When a 33-year-old with a mediocre career record of 78-79 entering the season can win 14 straight games, hurl three perfect innings in the All-Star game and reel off 17 wins in 18 decisions, why shouldn't he top it all off by winning his 20th game on a night when he comes within five outs of a no-hitter?
So, tonight, just a mile from Disneyland, Steve Stone continued his incredible season in Fantasyland by beating the California Angels, 5-2, for his first 20-win year as the Baltimore Orioles stayed 2 1/2 games behind the New York Yankees, who beat Seattle, 3-1.
Stone, 20-4 this season and 25-4 since the '79 All-Star break, walked just two men and fanned six while allowing no hits for 7 1/2 innings.
Then, just as a new plateau of poetic improbability seemed within his grasp, Stone began struggling with his control -- trying to throw only perfect pitches as he sensed yet another notch in his journeyman-to-superstar transformation.
He walked Bobby Grich and Larry Harlow (both ex-Orioles) on full-count pitches, then game up a clean line single to Campy Campaneris that skipped 10 feet behind second base. That RBI hit was followed by another by pinch-hitter Dan Ford, who dropped a soft line single into center.
Stone, who beat the New York Yankees in his last two outings on a seven-hitter and two-hitter, came out of the game then, having seen his streak of hitless innings over two games ended at 12. Tippy Martinez relieved in glamerous style, fanning Bob Clark and Rod Carew to end the jam.
Stone, who never won more than 15 games before this season, is now 18-1 since May. He lowered his ERA to 2.98 and increased his amazing turnabout record in two years as an Oriole to 31-11.
In all Baltimore's storied history of great hurlers, none has ever won his 20th game this early in the year, Dave McNally being the previous early Bird on August 25, 1970
Stone's heroics, backed by solo homers by Eddie Murray, Doug DeCinces and Dan Graham, plus Martinez' ninth save, were necessary in this pennant chase as New York won.
"How long have you been waiting for this?" asked DeCinces as he poured champagne over Stone's head.
"Ten years," said Stone, "and it sure feels good."
"And how many more starts have you got?" asked Ken Singleton, knowing the answer is 11.
"Steve looks like he doesn't think he's ever going to lose another game," said Mark Belanger, a bit incredulous.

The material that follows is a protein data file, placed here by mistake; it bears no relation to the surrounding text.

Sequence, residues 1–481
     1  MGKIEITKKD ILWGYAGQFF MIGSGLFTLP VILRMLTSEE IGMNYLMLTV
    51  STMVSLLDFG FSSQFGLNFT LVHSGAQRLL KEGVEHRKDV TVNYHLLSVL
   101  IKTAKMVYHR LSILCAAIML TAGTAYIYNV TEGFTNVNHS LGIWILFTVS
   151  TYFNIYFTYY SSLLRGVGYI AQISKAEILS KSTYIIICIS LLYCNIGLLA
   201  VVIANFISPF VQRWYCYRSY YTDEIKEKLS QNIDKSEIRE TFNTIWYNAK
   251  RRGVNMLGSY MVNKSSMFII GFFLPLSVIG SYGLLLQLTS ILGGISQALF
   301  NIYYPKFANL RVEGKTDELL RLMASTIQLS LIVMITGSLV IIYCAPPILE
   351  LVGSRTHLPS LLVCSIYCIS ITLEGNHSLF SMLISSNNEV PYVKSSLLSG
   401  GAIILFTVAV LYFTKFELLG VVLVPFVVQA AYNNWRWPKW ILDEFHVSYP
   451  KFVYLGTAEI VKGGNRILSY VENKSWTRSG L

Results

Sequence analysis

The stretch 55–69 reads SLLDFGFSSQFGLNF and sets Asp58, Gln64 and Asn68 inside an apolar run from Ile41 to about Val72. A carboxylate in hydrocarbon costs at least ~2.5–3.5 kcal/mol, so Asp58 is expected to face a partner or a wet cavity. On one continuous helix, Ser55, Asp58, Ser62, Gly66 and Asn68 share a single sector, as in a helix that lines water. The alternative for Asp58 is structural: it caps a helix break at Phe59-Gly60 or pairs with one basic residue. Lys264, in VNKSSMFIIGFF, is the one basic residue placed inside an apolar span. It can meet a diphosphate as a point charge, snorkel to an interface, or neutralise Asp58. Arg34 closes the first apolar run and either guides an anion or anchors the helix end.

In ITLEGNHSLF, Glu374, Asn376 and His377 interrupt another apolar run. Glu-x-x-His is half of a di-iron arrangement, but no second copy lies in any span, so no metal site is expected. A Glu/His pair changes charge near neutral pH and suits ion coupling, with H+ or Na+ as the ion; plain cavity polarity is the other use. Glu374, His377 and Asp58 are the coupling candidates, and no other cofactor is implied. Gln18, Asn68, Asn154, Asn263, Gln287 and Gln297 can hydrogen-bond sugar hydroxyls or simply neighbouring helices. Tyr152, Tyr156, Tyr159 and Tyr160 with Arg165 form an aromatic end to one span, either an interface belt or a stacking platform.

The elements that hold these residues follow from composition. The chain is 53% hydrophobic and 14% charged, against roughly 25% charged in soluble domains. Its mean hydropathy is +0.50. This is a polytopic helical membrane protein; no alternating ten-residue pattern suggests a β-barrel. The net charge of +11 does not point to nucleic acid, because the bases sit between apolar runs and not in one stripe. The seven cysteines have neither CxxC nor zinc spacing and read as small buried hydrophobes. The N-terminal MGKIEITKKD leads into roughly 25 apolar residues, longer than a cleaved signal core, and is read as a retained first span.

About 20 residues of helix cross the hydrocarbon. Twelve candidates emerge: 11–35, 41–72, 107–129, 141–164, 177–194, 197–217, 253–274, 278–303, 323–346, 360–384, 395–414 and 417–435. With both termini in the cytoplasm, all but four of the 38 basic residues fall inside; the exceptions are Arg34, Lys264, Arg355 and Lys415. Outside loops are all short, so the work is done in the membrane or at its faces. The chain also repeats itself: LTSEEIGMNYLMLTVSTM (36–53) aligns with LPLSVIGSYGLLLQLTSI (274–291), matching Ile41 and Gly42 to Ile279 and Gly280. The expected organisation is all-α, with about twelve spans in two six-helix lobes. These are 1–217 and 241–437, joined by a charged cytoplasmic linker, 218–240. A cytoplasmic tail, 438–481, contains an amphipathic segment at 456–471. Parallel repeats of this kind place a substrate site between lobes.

"I thought about a no-hitter as soon as I saw that big round zero on the scoreboard about the second inning," said Stone.
"It's uncanny the confidence he has," said Coach Ray Miller. "He came in here today with 36 bottles of champagne, hands them to the clubhouse boy and says, 'Ice 'em up, Kid.'
"Now that's a guy who doesn't expect to lose. I've seen pitchers who got stuck on 19 and winning the 20th really became a phobia. Steve just buzzed through it."
"Actually," said Stone of the liner that broke up his no-hitter, "I thought Bumbry had a chance for it."
Bumbry, of course, had the ball bounce at least 100 feet in front of him.
"The only thing I was worried about," said Stone, "is that champagne doesn't travel well. I carted it all the way to Anaheim and I didn't want to take it to Oakland, too."
And so, not wanting to waste the moment, Stone emptied a bottle of Paul Masson's finest over his own head.
Steve Stone, a grape who worried for years that his time would never come, had finally proved to be a vintage wine.
Stone and his Oriole teammates could hardly have started more methodically and efficiently toward bringing the 33-year-old right-hander a 20th victory.
The lighthearted curve baller with the suddenly fierce concentration and confidence retired the first 10 Angels he faced, fanning four (three looking) and getting five on grounders to the left side.
When Stone finally got a bit too fine, walking Rod Carew on four pitches in the fourth, he forced Carney Lansford to ground into a short-to-second-to-first inning-ending double play on which shortstop Mark Belanger stuck with a tough, hard first hop.
While Stone was at his sharpest -- throwing fast balls past hitters and leaving them gaping at his curve -- the Birds scored single runs in the first, fourth and fifth innings for a 3-0 lead against rookie Freddie Martinez.
The first man to identify the mystery right-hander was Murray, who hit the second pitch of the second inning for a 410-foot homer to right center, well over the 386-foot sign, for his 21st home run. Murray, raised in nearby Los Angelos, had a .340 career average against California coming into this game.
Murray, who has hit .346 since the All-Star break, with 25 RBI, started the Orioles pecking again in the third with a first-pitch single to right.
Murray stole second against Dan Whitmer, yet another of the Angels' terrible catchers, who have allowed 103 thefts in 136 attempts. That extra base meant a run as Terry Crowley singled Murray to third. He scored on Dan Graham's grounder to second base.
A third run arrived on a two-out Bumbry single in the fifth, a Rich Dauer wald and a vicious knee-high liner to right by Singleton that ex-Oriole Larry Harlow -- always a liability on hard-running catches -- butchered for a run-scoring error.